4. Either leave the beans whole or cut or snap the beans to the length of your choice and prepare them as you would for cooking. This will be determined by your personal preference.
  5. Prepare and sterilize the jars.
  6. Wash the lids and rings and have them ready to drop into boiling water while you are filling the jars.
  7. For cold pack: Pack the raw green beans into the sterilized canning jars, add ½ teaspoon of salt to each pint jar or 1 teaspoon of salt for each quart jar. Fill jars with boiling water, leaving a 1-inch headspace.
  8. For hot pack: Put beans into a large pot of boiling water and boil for 5 minutes, drain, and pack hot green beans loosely into the sterilized jars, add ½ teaspoon of salt to each pint jar or 1 teaspoon of salt to each quart jar. Fill jars with boiling water, leaving a 1-inch headspace.
  9. Affix hot lids and rings.
  10. Have at least 2&½ to 3 inches of water in the pressure canner. More water is needed for longer processing times.
  11. Load the jars of green beans into the pressure canner in which the water has been preheated. For cold-packed beans, have the water in the pressure canner heated to 140℉; for hot-packed beans, heat the water to 180℉.
  12. Make sure the gasket is in good repair and is inserted properly in the pressure canner lid.
  13. Center the pot on the burner with the heat at its highest setting, close the lid, and allow the pressure to build. When steam starts escaping from the steam vent, set a timer for 10 minutes and allow steam to escape from the vent for the entire 10 minutes.
  14. Affix the petcock onto the steam vent at 10 lbs of pressure.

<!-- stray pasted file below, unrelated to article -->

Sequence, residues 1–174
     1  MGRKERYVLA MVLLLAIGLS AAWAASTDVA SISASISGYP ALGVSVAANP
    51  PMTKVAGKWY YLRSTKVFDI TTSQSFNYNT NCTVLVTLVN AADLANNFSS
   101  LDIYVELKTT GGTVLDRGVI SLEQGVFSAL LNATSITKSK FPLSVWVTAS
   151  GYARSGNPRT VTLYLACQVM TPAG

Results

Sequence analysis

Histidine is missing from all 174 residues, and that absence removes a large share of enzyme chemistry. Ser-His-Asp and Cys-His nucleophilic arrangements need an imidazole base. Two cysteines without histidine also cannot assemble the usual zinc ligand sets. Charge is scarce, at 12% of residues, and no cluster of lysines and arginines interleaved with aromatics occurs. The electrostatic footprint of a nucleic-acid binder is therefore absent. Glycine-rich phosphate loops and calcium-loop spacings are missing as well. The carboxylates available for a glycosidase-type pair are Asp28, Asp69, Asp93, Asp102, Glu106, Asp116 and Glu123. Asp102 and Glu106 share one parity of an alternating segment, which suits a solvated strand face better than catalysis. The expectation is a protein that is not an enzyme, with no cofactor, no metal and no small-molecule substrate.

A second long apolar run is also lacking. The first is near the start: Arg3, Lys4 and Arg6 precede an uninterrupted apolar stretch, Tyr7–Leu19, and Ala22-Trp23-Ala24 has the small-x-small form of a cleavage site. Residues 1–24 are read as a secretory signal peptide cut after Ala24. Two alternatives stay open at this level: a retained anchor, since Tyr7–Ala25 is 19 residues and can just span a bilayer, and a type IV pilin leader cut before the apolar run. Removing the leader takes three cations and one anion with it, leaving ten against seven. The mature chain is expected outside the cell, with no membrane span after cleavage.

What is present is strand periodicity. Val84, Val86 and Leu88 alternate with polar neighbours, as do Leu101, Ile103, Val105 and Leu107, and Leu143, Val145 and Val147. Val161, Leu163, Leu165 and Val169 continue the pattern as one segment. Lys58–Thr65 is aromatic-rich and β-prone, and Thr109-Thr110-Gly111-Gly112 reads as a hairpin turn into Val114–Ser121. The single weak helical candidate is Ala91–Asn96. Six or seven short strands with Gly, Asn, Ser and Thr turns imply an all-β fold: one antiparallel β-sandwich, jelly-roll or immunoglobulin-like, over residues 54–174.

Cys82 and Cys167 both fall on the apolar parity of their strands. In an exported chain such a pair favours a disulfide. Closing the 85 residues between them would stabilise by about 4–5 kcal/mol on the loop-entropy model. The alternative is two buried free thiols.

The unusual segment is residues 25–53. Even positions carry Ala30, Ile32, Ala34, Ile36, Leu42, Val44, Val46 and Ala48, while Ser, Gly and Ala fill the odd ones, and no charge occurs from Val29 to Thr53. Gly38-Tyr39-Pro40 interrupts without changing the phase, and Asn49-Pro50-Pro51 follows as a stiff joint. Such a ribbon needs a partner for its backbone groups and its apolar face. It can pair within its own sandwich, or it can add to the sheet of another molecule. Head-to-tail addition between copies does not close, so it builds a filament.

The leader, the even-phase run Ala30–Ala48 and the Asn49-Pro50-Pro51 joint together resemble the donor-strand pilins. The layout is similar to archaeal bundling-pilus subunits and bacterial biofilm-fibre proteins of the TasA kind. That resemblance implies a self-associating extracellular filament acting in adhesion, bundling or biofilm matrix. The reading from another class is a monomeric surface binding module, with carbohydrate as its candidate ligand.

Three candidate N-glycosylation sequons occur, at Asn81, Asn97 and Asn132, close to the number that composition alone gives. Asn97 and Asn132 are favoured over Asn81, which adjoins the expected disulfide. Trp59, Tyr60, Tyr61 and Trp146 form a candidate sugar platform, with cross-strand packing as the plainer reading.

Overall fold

15. When the petcock starts to rock or jiggle, reduce the heat slightly without reducing pressure and start timing, which is 20 minutes for green beans in pint jars, or 25 minutes for green beans in quart jars.
  16. If at any time during the pressure canning process, the pot loses pressure and the petcock stops rocking or jiggling, bring the heat back up and start the timing process over from the beginning. To safely can the vegetables, they must remain at the designated pressure for the designated amount of time without interruption.
  17. At the end of 20 (or 25) minutes, turn off the heat or remove the canner from the heat source and allow it to cool down naturally. Do not try to speed up the cool-down portion of the process.
  18. When the pressure is down, remove the petcock but leave the lid on for 10 minutes.
  19. Remove the lid after 10 minutes.
  20. Remove the jars to a prepared area and allow them to sit undisturbed for 24 hours. 
  21. After 24 hours, wash and dry the jars, check the seals, label, remove the rings, and store in a pantry or other cool, dry area. If the jars are to be gifted or otherwise transported, leave the rings on the jars until they are put into an area for storage to avoid the lids and seals from becoming damaged in transit.

Whether you are new to canning or you are an old-timer like me who has been canning for years, I recommend that you take a look at the guidelines for home canning on the USDA’s (United States Department of Agriculture) National Center For Home Food Preservation website. This is my go-to information on all things related to home canning. Before canning anything, I check to be sure I am using the right amount of pressure and the right amount of time for whatever I happen to be canning.

Anne James Pressure Cooker on a Table
My trusty pressure cooker

Dehydrated

Green beans can also be dehydrated for storage. When dehydrated, green beans can be eaten like chips or they can be rehydrated by using them in soups, stews, and casseroles.